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(1,454 words)

Author(s): Otte, Klaus
1. Definition Both linguistically and materially, it is hard to define “happiness” and related terms such as “(good) fortune,” as many interdisciplinary attempts show (e.g., Was ist Glück? Ein Symposion). Some have emphasized that, while happiness may fulfill desires and longings, it is not at the disposal of the will and cannot be attained by us (U. Hommes, in F. G. Jünger et al., 242). A. Gehlen finds happiness only in acquisition, not in possession (ibid., 29). We can grasp it plainly in terms neither of past nor of future. As M. Freund says, we are all the seman…

Last Judgment

(1,058 words)

Author(s): Otte, Klaus
1. Term The term “last judgment,” based on the “last times” of 2 Esdr. 7:73, is used for the last and definitive consummation of history. It is also called the universal judgment, for it pertains to all, both good and bad. It is the judgment of Christ insofar as it brings into play his nature and his action. Since the last judgment is not the mere completion of an immanent process but is subject primarily to the sovereignty of God, it is also called the judgment of God. 2. Bible 2.1. There is as yet no monographic account of the last judgment in the OT. Exposition of the OT tries to …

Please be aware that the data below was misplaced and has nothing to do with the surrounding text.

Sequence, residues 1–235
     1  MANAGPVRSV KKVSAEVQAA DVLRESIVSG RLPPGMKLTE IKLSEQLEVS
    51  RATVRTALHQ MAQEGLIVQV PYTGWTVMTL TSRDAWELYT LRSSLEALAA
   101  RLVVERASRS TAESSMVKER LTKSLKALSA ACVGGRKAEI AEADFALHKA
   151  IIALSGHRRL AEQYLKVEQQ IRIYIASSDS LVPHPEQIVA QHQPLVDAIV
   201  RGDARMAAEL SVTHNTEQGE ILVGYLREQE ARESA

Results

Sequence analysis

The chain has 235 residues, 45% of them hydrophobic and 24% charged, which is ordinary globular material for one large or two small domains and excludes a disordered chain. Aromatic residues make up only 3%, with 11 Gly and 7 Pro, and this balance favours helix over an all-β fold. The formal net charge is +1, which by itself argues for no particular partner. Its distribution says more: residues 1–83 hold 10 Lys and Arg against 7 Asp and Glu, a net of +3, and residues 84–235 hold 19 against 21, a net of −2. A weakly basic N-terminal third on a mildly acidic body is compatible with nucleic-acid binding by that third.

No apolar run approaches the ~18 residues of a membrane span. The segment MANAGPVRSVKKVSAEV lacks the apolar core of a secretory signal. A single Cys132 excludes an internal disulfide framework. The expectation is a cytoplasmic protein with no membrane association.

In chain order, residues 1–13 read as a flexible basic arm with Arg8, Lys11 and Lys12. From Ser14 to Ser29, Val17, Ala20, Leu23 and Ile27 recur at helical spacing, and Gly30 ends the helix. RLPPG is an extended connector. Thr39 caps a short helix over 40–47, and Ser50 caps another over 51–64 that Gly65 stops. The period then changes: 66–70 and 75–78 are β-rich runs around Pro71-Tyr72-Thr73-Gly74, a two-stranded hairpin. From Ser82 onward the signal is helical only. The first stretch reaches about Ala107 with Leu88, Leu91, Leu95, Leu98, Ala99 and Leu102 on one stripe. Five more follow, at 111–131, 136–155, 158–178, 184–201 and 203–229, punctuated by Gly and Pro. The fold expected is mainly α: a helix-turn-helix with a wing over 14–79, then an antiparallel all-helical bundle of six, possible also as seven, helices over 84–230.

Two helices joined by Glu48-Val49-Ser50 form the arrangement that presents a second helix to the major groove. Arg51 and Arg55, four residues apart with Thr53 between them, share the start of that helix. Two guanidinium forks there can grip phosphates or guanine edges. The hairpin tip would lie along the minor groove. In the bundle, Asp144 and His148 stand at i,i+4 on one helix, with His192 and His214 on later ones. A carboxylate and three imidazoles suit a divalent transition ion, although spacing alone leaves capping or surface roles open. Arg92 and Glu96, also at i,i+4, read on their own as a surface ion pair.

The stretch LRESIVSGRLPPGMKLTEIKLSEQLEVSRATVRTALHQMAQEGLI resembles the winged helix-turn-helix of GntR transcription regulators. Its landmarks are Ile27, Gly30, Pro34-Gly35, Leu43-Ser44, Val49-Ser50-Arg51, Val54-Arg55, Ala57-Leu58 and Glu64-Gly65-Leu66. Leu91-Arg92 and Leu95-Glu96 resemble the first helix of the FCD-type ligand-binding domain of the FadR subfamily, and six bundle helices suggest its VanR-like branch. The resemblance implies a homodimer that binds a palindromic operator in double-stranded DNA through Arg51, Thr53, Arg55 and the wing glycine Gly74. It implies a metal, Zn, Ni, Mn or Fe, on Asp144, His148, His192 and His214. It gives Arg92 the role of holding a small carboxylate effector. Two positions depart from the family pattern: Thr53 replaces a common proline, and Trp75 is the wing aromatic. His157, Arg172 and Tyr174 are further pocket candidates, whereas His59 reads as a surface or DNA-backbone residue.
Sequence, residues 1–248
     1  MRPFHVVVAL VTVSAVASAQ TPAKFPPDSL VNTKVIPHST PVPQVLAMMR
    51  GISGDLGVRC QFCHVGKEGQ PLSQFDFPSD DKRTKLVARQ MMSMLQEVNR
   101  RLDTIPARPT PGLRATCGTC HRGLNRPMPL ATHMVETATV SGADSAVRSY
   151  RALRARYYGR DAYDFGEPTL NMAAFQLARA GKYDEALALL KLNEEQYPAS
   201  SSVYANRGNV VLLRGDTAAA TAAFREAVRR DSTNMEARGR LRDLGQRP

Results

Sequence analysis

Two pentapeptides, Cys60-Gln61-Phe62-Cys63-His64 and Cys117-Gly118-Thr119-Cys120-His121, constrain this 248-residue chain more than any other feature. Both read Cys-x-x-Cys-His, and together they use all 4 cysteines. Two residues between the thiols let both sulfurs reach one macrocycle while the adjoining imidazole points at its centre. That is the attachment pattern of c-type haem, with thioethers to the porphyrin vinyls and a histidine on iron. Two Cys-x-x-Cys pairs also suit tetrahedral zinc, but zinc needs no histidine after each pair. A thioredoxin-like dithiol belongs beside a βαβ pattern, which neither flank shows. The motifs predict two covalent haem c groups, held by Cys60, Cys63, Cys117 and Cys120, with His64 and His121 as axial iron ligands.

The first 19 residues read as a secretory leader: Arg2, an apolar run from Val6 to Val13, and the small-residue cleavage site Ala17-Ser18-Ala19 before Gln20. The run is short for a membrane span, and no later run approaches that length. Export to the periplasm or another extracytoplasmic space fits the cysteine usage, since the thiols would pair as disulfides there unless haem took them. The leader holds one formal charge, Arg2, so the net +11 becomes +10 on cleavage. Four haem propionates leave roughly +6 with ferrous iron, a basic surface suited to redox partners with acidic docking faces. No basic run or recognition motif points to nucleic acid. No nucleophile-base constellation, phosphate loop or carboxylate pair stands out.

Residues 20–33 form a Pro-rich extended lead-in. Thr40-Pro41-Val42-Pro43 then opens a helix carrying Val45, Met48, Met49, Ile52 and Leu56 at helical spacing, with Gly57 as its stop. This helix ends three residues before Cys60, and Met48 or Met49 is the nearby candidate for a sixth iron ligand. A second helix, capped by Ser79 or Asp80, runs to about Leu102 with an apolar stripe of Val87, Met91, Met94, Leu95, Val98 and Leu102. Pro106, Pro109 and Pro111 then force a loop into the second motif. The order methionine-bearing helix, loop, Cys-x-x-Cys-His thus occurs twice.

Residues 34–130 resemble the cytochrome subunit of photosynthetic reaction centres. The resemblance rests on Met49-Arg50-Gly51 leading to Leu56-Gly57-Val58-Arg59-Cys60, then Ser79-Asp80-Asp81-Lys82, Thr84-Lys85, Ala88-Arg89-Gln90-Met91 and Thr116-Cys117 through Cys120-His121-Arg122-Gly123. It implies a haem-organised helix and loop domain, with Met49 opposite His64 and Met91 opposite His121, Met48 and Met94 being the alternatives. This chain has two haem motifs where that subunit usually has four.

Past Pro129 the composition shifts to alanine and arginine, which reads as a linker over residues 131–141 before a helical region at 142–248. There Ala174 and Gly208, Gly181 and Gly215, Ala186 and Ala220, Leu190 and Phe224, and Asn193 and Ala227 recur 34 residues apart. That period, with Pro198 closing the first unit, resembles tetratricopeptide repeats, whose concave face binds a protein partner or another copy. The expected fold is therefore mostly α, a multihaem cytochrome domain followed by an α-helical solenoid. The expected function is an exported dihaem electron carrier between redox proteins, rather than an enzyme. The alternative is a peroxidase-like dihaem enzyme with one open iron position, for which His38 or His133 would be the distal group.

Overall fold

Sacred and Profane

(2,506 words)

Author(s): Kippenberg, Hans G. | Otte, Klaus
1. Religious and Biblical Aspects 1.1. Religious, Psychological, and Sociological The terms “sacred” and “profane” are significant in the vocabulary of comparative religion (Religious Studies). When the 19th century found that we do not encounter ideas of God always and everywhere, but that God “is a late comer in the history of religion” (G. van der Leeuw, Religion, 104), a new and universally applicable term for religion was needed. In 1871 E. B. Tylor (1832–1917) thought that a belief in spiritual beings might be a suitable minimal definition (chap…

Speculative Theology

(1,265 words)

Author(s): Otte, Klaus
1. Speculative theology, often connected with German idealism, has a much earlier origin. K. Rahner (1904–84), distinguishing it from positive theology in the Roman Catholic sphere, points back beyond the historical framework to a universal religious and theological foundation. Part of speculation as a scientific method is that, on the basis of a supposed dialectic of being, a counterpart, as in a mirror (speculum), is always thought of not just in a historically comparative way but in a dynamic and cognitive way that sheds light on being itself (Cognition)…